Editorial: UAPD fails to lay down the law in stolen newspapers case

Injustice never provides any warm, fuzzy feelings, but when the very people who have sworn to uphold it commit a particularly jarring injustice, it feels like a slap in the face.


Someone stole the news, and the University of Arizona Police Department hasn't done much to find the culprits. Now that the case is closed, there isn't much hope they're going to do anything.

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When 10,000 Daily Wildcat newspapers were stolen from their stands on the morning of Oct. 8, not only were UA students censored, but Arizona Student Media, which falls under Student Affairs, lost $8,500 worth of advertising, salaries and printing costs. Local businesses were also defrauded of expected advertising.


Given the violation of First Amendment rights, the fact that this was clearly an attempt to punish Arizona Student Media and the potential loss of thousands of dollars for a university department, one would think the case would be treated seriously.


It wasn't.


At the very beginning, campus police weren't even sure the situation could be classified as a theft, because the newspapers are distributed for free around campus.


Media law experts in Arizona and Washington, D.C., claimed otherwise.


""It's a crime,"" said Adam Goldstein, an attorney advocate for the Student Press Law Center in Washington, D.C. ""Although they're not sold, these papers have value. Whoever stole them deprived the newspaper's editors of that value. They deprive the advertisers of that value. They've deprived the university of the service. Whoever took them should be prosecuted.""


The UA's own Kevin Kemper, who teaches media law with the UA School of Journalism, called on UAPD and campus administration to ""take this incident seriously.""


Even President Robert Shelton condemned the theft as ""outrageous and completely counter to the principles of freedom of expression that we embrace at the UA.""


But despite all of this, the UAPD took the case anything but seriously, failing to even carry out what should be considered basic investigative steps.


After Spanish homework carrying the names of UA students and Phi Kappa Psi members Alex Cornell and Nick Kovaleski were found in a pile of the stolen newspapers in the western outskirts of Tucson, the first step by UAPD would seemingly be to contact the two men.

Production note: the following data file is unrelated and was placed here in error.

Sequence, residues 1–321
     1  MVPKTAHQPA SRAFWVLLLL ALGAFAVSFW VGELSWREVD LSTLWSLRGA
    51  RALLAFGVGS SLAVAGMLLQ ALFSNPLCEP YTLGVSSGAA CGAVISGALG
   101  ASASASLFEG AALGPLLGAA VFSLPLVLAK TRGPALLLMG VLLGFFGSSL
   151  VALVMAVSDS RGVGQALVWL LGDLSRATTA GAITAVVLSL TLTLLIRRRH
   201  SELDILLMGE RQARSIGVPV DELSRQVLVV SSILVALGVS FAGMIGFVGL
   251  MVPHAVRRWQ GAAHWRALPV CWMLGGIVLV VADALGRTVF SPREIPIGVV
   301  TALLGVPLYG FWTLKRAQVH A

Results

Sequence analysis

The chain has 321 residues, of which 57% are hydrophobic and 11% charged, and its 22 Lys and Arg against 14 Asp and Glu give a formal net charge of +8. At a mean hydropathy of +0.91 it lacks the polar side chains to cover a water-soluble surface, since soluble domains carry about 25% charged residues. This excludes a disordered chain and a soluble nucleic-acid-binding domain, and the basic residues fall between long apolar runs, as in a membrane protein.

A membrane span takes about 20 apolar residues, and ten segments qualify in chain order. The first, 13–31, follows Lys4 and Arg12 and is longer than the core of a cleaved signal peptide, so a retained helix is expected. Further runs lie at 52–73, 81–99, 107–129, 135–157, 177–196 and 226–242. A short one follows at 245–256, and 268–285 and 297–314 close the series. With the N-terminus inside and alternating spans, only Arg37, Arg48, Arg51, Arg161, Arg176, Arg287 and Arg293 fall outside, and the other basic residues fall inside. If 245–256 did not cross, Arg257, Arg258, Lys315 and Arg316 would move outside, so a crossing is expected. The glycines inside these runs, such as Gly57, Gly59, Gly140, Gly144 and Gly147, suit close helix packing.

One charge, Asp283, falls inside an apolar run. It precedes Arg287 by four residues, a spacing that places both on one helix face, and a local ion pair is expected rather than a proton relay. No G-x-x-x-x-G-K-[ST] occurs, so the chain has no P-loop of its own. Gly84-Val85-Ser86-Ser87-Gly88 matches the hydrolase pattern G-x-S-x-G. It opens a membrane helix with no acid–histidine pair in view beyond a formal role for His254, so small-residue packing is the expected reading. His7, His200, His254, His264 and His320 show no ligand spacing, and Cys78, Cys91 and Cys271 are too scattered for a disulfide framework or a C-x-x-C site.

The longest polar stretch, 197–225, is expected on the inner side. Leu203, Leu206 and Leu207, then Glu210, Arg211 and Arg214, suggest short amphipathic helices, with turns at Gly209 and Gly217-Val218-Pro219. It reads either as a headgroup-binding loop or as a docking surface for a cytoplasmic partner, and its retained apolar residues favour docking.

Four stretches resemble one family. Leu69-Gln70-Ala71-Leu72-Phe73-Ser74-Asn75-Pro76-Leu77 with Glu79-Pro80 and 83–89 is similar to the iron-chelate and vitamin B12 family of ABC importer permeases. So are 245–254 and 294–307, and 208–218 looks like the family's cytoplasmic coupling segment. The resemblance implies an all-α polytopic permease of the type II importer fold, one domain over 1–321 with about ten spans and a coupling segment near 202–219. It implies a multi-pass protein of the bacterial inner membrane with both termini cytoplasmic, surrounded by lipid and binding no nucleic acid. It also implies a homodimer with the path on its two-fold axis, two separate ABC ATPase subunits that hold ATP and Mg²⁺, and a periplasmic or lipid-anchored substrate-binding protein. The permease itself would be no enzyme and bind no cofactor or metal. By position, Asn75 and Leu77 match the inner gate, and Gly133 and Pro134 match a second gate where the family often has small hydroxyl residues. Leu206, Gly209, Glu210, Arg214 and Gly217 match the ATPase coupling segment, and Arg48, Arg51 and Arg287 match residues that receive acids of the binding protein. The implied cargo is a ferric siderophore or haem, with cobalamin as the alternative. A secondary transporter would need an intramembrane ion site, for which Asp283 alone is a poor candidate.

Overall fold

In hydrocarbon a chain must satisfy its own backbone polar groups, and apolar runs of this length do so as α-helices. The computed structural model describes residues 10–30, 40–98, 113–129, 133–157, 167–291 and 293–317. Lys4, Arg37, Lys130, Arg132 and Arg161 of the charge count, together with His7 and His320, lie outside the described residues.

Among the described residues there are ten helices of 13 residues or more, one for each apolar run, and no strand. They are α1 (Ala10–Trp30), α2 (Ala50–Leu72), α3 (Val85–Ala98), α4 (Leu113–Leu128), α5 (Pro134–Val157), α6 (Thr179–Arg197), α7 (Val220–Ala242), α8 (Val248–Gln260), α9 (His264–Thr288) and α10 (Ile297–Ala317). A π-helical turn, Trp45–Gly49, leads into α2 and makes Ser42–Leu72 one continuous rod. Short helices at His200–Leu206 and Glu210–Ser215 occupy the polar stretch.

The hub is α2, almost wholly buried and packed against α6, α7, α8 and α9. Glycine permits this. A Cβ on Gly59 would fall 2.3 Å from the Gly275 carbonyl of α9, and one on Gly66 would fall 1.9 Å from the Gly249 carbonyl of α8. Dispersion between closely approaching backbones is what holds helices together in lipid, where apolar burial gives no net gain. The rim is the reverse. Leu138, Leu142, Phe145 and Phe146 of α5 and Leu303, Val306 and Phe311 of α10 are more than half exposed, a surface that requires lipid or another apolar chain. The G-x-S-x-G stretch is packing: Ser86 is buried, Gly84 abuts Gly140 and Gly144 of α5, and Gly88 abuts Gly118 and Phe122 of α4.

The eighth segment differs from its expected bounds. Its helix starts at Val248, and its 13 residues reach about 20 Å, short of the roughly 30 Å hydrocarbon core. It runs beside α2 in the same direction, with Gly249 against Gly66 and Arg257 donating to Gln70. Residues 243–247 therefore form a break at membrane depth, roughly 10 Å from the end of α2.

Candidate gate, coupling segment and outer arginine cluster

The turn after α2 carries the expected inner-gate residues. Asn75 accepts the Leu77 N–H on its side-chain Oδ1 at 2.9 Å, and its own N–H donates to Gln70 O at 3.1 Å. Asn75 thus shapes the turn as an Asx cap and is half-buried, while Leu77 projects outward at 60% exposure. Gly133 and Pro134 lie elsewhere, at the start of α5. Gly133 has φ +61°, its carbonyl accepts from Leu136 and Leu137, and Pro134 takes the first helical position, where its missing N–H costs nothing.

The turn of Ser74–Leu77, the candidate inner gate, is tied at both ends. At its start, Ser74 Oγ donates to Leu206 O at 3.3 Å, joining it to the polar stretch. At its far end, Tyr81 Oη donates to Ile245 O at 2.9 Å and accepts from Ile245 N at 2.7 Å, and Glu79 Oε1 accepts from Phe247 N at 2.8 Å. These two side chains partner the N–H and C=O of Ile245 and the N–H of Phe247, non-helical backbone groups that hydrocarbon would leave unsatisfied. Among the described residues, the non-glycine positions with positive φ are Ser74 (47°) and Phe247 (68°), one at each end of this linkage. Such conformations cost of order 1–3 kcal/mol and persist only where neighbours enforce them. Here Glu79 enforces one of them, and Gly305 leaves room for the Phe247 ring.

Instead, campus police dragged their feet, giving up after two unreturned phone calls and one unreturned e-mail to Cornell, Kovaleski and Phi Kappa Psi President Keith Peters.


""No other investigative leads exist at this time,"" the investigating detective wrote in his final police report, closing the case after only 16 days.


What about the single one they had, but failed to follow through on?


In what world does UAPD work where it takes 16 days to fail to reach anyone in Phi Kappa Psi?


Apparently the key to getting away with criminal mischief on campus is to just let calls from police go unanswered. If you steal $8,500 from the UofA Bookstore, you can easily get away with it — just ignore your ringtone.


When two students were taken into custody in September for chalking up parts of campus in a protest, UAPD responded quite seriously. They even used security tapes to identity suspects. Half that effort in the stolen newspapers case would have been much obliged. But it seems the UAPD can pick and choose which cases it takes seriously.


There wasn't a whole lot of evidence in this case, and what was gathered had to be obtained through the efforts of the Daily Wildcat staff, with no help from UAPD. Additionally, the lack of follow-through on the one piece of evidence is telling.


The situation seems to be winding down, at least from a legal perspective. UAPD has closed the case. The jury's still out on the Greek Standards Board hearing Wednesday night, where the Daily Wildcat must prove the fraternity's collaboration as a whole.


It's seeming more and more likely the culprits, whoever they are, will get off scot-free. Maybe things would be different if it were a police force doing the investigative legwork rather than reporters in a newsroom.


The sad part is that, barring any new evidence, we will never know. UAPD has done nothing other than help expedite the process by passing the buck, and that's a shame — for the university, for college media and for free speech everywhere.





Editorials are determined by the opinions board, which includes Shain Bergan, Alex Dalenberg, Laura Donovan and Heather Price-Wright.


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